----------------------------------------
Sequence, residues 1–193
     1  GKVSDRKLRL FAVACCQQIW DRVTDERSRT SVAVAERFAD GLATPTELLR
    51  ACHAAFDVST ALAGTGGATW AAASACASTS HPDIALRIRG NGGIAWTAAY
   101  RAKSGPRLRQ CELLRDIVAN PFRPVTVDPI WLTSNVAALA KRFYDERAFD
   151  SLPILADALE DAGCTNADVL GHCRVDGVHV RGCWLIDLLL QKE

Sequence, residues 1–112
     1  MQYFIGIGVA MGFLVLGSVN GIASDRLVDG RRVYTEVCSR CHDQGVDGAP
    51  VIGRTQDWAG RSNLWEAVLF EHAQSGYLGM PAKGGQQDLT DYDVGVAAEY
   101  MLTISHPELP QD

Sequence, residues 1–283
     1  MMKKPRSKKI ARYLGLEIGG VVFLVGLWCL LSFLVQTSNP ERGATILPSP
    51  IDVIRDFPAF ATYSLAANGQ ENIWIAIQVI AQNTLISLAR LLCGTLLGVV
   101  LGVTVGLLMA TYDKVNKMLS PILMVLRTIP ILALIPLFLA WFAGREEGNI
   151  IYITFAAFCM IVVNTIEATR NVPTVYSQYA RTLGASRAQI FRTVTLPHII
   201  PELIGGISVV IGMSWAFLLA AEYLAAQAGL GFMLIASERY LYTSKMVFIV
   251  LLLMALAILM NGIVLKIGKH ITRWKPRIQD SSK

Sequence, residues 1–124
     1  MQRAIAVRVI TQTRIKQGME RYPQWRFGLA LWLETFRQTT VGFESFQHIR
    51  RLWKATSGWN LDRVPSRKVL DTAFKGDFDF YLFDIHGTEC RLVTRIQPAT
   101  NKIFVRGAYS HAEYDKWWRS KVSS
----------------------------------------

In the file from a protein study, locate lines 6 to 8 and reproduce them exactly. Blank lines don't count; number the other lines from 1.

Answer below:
Sequence, residues 1–112
     1  MQYFIGIGVA MGFLVLGSVN GIASDRLVDG RRVYTEVCSR CHDQGVDGAP
    51  VIGRTQDWAG RSNLWEAVLF EHAQSGYLGM PAKGGQQDLT DYDVGVAAEY